Dendrites, the branch-like projections of neurons, were once believed to be passive wiring in the brain.
Now, researchers at the University of North Carolina at Chapel Hill have discovered that these dendrites do more than just relay information from one neuron to the next. They actively process information, multiplying the brain's processing power.
"Suddenly, it's as if the processing power of the brain is much greater than we had originally thought," said Spencer Smith, PhD, an assistant professor in the UNC School of Medicine, in a statement.
His team's findings could alter the way scientists think about long-standing scientific models of how neural circuitry functions in the brain. These findings could also help researchers better understand neurological disorders.
"Imagine you're reverse engineering a piece of alien technology, and what you thought was simple wiring turns out to be transistors that compute information," Smith noted. "That's what this finding is like. The implications are exciting to think about."
Axons are where neurons conventionally produce electrical spikes, but many of the same molecules that support axonal spikes are also found in the dendrites. Previous research utilizing dissected brain tissue had shown that dendrites can utilize those molecules to produce electrical spikes themselves, but it wasn't clear whether normal brain activity involved those dendritic spikes.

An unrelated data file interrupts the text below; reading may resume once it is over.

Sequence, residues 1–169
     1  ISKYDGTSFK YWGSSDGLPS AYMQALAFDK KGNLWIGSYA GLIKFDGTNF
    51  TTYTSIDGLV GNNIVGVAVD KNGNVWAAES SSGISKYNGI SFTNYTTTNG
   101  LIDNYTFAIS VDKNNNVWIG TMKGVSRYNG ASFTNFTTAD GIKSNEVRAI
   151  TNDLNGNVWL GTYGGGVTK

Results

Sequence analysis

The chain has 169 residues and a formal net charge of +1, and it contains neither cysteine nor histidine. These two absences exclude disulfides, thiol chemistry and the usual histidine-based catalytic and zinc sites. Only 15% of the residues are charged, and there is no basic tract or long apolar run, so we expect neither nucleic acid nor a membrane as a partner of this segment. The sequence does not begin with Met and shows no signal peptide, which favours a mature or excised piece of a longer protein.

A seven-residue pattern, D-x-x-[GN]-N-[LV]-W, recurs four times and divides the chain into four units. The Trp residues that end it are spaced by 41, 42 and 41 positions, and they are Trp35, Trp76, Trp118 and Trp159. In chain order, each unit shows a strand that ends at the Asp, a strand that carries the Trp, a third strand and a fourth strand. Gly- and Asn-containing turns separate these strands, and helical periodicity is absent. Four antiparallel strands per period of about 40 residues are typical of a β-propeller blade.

Smith's team found that the answer is yes. Dendrites effectively behave as mini-neural computers, actively computing neuronal input signals themselves.
Directly showing this required a series of complex experiments that took years and spanned two different continents. Patch-clamp electrophysiology was used to attach a microscopic glass pipette electrode, filled with a physiological solution, to a neuronal dendrite in the brain of a mouse. The goal was to directly "listen" in on the electrical signaling process.
"Attaching the pipette to a dendrite is tremendously technically challenging," Smith posited. "You can't approach the dendrite from any direction. And you can't see the dendrite. So you have to do this blind. It's like fishing if all you can see is the electrical trace of a fish."
"You just go for it and see if you can hit a dendrite," he added. "Most of the time you can't."
Smith constructed his own two-photon microscope system to make the process easier.
To provide visual evidence of their findings, Smith's team filled neurons with calcium dye, which provided an optical readout of spiking. This showed that dendrites fired spikes while other parts of the neuron did not, suggesting that the spikes were the result of local processing within the dendrites.
This study was published in the journal Nature.